Archaeology and the Bible
by Ernest L. Martin, Ph.D., April 1975
Edited by David Sielaff, November 2009
Read the accompanying Newsletter for November 2009
The study of archaeology is important in understanding historical and prophetical events of the Scripture. This is because all the teachings of the Bible, even matters involving doctrine, are found within an historical context and require application of principles of historical investigation to understand them. People who say that one does not have to know history to comprehend Scripture cannot hope to grasp the fundamental concepts of the biblical revelation. This is where archaeology becomes important. The study of archaeology is a branch of historical investigation but it must be placed into its proper perspective or else it will not only be useless in its application, but even downright dangerous if employed in an incorrect manner. Let me explain.
It must be understood that archaeology is valuable for the understanding of the Bible within two prime categories. The first is very important and often crucial in comprehending the truth of history, while the other is subsidiary and often difficult in appraising what actually happened in the past.
The first category is represented by the discovery of “written records.” In this case, archaeology becomes a branch of history itself. Indeed, history is defined as evidence of the past which is primarily found in written records.
The second category is the discovery and evaluation of evidence such as pottery, statues, bones, etc., which have no written material associated with them. Obviously, if there is no written evidence to support information about such things, then the assessment of the discoveries must depend on the judgments of historians who have in their midst written records which tell us what happened in the past.
It can be easily seen that the second category of archaeological evidence is far inferior to the first and that assumptions from such data are often quite subjective. Even with written documents the historian must be careful because how can we who live in modern times be sure the early historians were writing the truth?
If one can be assured that the historical records of the past are truthful, then archaeological discoveries that agree with the accurate record could be legitimately used as supplemental proofs to show what happened in a more complete way. I adopt the principle that Scripture is telling the truth! This means, to me, that the Bible becomes an historical standard which can serve as a guideline for validating all archaeological evidence (whether it comes from written sources or not). It is my belief that the Bible should always be reckoned as the standard source book for all history of the Middle East from the time of Adam unto the end of the 1st century AD. This represents a major “key” in understanding the past.
It may come as a surprise to you students but even with scholars who deeply love and respect the Bible, the Scripture is not the essential criterion for evaluating archaeological discoveries in the Middle East. That honor goes to Egyptian history and chronology for the periods before the 9th century BC, and Assyrian, Babylonian and Egyptian history and chronology for periods after the 9th century BC and down to Alexander the Great (332 BC). 1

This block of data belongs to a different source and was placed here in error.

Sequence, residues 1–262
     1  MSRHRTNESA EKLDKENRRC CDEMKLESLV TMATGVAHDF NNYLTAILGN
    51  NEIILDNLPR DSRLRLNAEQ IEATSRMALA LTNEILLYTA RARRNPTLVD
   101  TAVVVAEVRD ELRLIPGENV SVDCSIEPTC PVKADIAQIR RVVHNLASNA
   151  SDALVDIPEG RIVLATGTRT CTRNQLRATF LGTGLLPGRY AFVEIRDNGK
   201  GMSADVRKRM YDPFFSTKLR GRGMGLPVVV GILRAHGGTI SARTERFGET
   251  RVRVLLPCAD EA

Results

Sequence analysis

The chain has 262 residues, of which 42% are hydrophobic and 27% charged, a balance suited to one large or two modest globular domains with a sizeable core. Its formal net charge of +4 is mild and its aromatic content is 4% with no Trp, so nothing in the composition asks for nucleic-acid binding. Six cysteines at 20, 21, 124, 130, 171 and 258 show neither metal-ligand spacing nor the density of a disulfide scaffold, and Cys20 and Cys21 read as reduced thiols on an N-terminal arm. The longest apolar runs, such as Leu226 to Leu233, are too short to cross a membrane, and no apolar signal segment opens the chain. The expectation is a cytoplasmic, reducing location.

Biblical evidence for history and chronology is held in a very secondary sense, and even when utilized it is normally suspect unless it agrees with the normal interpretation of Egyptian, Assyrian, and Babylonian material. The reason for this among ordinary historians is simple. They consider the Bible to be primarily a “religious book” and usually devoid of any serious historical information. True, it is believed to contain “history,” but it is reckoned as being “prejudicial history” and only as a last resort (and if it agrees with the scholarly views regarding the “history” of Gentile nations surrounding Palestine) is it considered as real evidence of the past.
The truth is, just the opposite stance ought to be taken by historians. It is the biblical revelation that ought to be considered the exemplar for comparison of all historical records from the Middle East. When this is done, the historical records that are often confusing to interpret would become much clearer to understand and begin to make proper sense. I concentrate on the need to rely upon the biblical revelation as the standard of history. When this is done, many parts of ancient history that now make little sense would begin to fall into a recognizable historical scenario. Many of the problems (especially chronological ones) that plague our comprehension of early world history could be resolved. This is why the biblical revelation needs to be placed back into the forefront of providing historical truth.
It is not Egypt, Assyria, and Babylon that must interpret what was happening in the Middle East, but rather it is the Scripture that presents the veritable “key” to help us moderns know what was happening in early Egypt, Assyria, and Babylon. The scholars have got “the cart before the horse.” They have unwittingly, in many cases, made the Bible to look absurd by falsely ascribing records from Gentile countries to the wrong periods of time and they have made the scriptural record to appear untrue. But it is the evaluation of the scholars which in many cases has been wrong.
When the Scripture is taken at face value, it can be shown that the records from Gentile countries as well as those of the Bible can be harmonized with real understanding. This can only be done, however, when it is recognized that the Bible has the standard historical information for early Middle Eastern affairs.